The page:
Missing

John paused on the wooden bridge and looked down at the stream below. The light reflected beautifully back off the water, the ripples dancing in the spring sunshine. Leaning on the sun bleached wooden rail John drank in the freshness of the air. On first moving to the place he had been amazed by the lack of pollution. In contrast to London the only scents which filled his lungs where those of new mown hay and wild roses which lined the banks of the stream. The place was paradise, well as close to that biblical state as one can achieve on earth.

“Morning John”.

He turned to see his nearest neighbour, Jenny Thomas, hand in hand with Maria, her youngest child.

“Oh good morning Jenny and hello to you Maria” John said a warm smile suffusing his face. “I was just thinking how lucky I am to live in this beautiful village. I wouldn’t go back to the city now whatever money the head hunters offered me. 0 stress or mega bucks and an early grave”.

“Yes it is a no brainer” Jenny replied, her smile matching that of John’s. Jenny’s eyes strayed to the headline of the Daily Telegraph held in John’s right hand,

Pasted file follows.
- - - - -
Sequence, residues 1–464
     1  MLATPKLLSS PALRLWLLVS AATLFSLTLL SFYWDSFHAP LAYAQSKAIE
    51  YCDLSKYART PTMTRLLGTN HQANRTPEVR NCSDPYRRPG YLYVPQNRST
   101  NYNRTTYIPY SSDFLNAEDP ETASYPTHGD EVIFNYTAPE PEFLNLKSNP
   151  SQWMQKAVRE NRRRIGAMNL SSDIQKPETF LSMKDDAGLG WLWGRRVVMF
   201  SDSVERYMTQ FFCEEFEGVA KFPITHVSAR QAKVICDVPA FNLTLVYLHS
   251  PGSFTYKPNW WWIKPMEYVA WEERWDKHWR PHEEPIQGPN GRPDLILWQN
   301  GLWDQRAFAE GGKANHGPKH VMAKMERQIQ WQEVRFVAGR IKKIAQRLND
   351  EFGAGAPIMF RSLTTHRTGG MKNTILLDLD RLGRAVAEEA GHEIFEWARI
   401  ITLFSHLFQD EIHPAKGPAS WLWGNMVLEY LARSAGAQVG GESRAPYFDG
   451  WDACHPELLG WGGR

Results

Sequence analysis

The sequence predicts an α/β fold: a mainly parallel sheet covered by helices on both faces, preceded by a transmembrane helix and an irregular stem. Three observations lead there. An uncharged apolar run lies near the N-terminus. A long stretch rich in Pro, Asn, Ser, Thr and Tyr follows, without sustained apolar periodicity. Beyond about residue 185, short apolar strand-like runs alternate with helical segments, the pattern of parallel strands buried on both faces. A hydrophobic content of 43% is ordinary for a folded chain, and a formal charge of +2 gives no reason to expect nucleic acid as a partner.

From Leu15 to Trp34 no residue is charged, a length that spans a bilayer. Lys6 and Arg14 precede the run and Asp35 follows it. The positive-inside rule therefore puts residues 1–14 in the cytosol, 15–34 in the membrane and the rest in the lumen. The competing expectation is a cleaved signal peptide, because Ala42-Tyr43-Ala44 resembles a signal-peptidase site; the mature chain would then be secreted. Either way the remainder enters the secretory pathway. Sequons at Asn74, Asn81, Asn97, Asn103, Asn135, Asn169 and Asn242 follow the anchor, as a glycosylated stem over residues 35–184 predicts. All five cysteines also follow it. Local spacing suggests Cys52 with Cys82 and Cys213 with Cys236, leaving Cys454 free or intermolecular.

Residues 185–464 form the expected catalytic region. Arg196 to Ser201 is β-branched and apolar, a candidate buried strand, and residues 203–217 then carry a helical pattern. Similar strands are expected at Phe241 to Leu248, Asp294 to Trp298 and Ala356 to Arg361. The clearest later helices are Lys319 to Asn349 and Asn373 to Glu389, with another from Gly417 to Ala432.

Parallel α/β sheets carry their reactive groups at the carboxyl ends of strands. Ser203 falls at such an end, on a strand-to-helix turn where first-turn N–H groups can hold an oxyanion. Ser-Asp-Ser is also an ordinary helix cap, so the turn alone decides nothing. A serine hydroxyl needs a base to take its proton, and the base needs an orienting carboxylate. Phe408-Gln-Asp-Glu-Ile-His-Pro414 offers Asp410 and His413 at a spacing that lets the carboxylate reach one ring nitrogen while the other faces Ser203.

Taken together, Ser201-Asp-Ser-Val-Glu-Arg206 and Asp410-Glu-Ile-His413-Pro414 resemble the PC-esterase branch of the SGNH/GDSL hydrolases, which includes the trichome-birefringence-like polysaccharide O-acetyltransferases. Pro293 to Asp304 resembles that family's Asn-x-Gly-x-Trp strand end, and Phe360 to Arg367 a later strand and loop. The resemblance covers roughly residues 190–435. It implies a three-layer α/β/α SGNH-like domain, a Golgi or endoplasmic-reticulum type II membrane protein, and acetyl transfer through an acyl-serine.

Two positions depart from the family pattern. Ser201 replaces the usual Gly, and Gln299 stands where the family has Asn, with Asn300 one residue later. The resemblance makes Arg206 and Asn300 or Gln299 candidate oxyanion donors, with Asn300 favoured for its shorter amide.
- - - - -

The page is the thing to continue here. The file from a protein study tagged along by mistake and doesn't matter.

“Police are becoming increasingly concerned for the welfare of 14-year-old Gemma Lewis who has been missing for 5 days”.

“Its shocking. Her poor parents must be frantic” Jenny said tightening her grip on Maria’s hand.

“They should bring back hanging for kiddy fiddlers” John said, “the country’s been going to the dogs ever since the 60’s, that’s why I moved out here, its still England not like London which is full of bloody foreigners. I don’t recognise the country I grew up in Jenny”.

Jenny shifted uncomfortably. “One of my closest friends is Jewish”.

“Oh the Jews are integrated. It’s the others I’m talking about. We take in the world’s flotsam and jetsum instead of looking after our own people”.

“I must be going. I’m taking Maria to Sunday School and I’d better get a move on as it starts in 5 minutes”.

“Have a lovely time in Sunday School” John said pulling a funny face at Maria. The child stuck out her tongue and smiled at him.

Jenny frowned at her daughter. “Don’t stick out your tongue like that darling it isn’t nice”.

Maria’s face fell.

“Bye John”.

“Bye Jenny, bye Maria”.

John watched as the disconsolate child trailed off, dragging her feet in the wake of her mother. “Poor kid, fancy having to be stuck in a boring old church on a day like this” John thought.

 

Prior to opening his front door John paused to savour the scent of his honey suckle. “Wonderful” he said out loud burying his nose in the fragrant blooms.

Entering the house John locked and bolted the door behind him. Removing his shoes he padded in stockened feet up the oak staircase. Reaching the top John turned right entering the large guest bedroom.

“Hello Gemma” he said to the girl who lay tied and gagged on the large four poster.

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